While no one goes into the museum business to make money, we all need to make a living right?
The traditional build it and they will come museum is slowly being demolished brick by brick for a more socially purposeful entity. The first question, is what is the use of this museum? What need does it serve?
If you’ve already built a community of people interests in your workshops, you’re already halfway there. Involve your community in the creation of your new museum – ask them what they want. Their answers may surprise you.
There are obvious pluses and minuses to having a permanent location: higher overheads vs feelings of permanence and gravitas. I know of a few newer museums which are having that very discussion: do we create a permanent home for our collections but lose our ability to be nimble and adaptable? Museum And, the Museum of Homelessness and The Migration Museum Project are all great examples of museums without physical locations – yet.
Another place I would look to for advice would be the Association of Independent Museums. They have plenty of resources and advice on their website that should help you on your way.
Katherine McAlpine, museum professional
Oh I wish I knew the answer to this question – it’s something I’m struggling with too! I’m currently stuck in the first phase of creating the Vagina Museum – fundraising. I know exactly what I’m going to do and have plans for sustainability and resilience once I have some seed funding, but it’s that initial getting off the ground we’re struggling with.
I would say that if a paid museum is really what you want to do (perhaps it would be worth doing a feasibility study) then you should be diversifying your income to increase resilience. Holding events, selling merchandise, venue hire, workshops, outreach and education, consultancy, a friends of the museum scheme, corporate sponsorship – all of these and more have to be in your portfolio to guard against one income stream taking a hit (many museums rely solely on private donations and public funding). Though of course, to get to that point you’ll need a location in which to house your collection.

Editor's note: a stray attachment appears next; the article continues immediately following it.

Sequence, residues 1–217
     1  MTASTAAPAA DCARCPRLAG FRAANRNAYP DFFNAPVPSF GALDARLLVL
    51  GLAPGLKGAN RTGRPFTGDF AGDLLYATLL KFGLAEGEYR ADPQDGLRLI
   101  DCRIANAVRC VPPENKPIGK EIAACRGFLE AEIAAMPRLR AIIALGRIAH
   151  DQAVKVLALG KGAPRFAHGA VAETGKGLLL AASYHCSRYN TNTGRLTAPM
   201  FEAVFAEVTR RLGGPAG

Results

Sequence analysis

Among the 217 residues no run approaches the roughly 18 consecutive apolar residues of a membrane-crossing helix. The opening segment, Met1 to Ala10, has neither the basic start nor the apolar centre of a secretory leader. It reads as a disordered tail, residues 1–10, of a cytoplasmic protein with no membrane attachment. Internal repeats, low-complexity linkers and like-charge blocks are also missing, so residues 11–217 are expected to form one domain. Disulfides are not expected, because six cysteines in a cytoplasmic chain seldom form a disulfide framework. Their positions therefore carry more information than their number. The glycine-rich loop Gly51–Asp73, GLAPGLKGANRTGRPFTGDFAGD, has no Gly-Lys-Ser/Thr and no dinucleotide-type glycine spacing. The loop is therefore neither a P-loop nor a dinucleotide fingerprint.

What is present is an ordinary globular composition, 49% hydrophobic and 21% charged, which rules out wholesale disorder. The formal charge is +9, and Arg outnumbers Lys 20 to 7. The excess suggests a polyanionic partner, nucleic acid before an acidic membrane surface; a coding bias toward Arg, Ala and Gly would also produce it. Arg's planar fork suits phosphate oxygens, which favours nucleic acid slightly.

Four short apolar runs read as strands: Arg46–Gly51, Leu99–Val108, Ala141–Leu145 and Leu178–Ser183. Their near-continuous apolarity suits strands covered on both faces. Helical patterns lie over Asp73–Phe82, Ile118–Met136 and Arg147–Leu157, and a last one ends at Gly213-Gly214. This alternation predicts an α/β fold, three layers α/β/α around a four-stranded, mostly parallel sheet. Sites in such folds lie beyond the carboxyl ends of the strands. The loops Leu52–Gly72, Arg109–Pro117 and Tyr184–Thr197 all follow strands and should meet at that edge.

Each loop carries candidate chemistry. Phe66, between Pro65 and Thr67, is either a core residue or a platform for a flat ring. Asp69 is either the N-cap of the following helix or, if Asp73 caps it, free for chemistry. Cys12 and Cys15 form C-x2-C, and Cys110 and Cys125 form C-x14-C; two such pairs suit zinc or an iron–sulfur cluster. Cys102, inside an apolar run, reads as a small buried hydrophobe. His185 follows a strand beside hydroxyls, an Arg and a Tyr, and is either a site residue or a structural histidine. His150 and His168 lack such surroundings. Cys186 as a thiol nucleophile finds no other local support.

Looking for a location, fitting it out and staffing it will be very expensive. My plan, which is one many new museums follow (such as the Climate Museum in NY), is to get an interim space and build up to a permanent home. Perhaps a related business or institution (V&A Childhood Museum? CBBC?) could let you use part of their space for an interim museum while you search for the permanent one.
There is no one method to building a museum. The Design Museum started in the basement of the V&A as the Boilerhouse Project, the British Museum of Food is a project by the very successful Bompas & Parr. You have to follow a path that fits your project.
Florence Schechter, Director and Founder of the Vagina Museum
You should look at joining the Association of Independent Museums (AIM) which supports and champions independent museums across the UK. They have a membership which includes museums that started as private collections like yours, and member museums who now operate as social enterprises. Their website includes free resources including a guide to successfully setting up a new museum, which covers many of the issues that you would need to consider.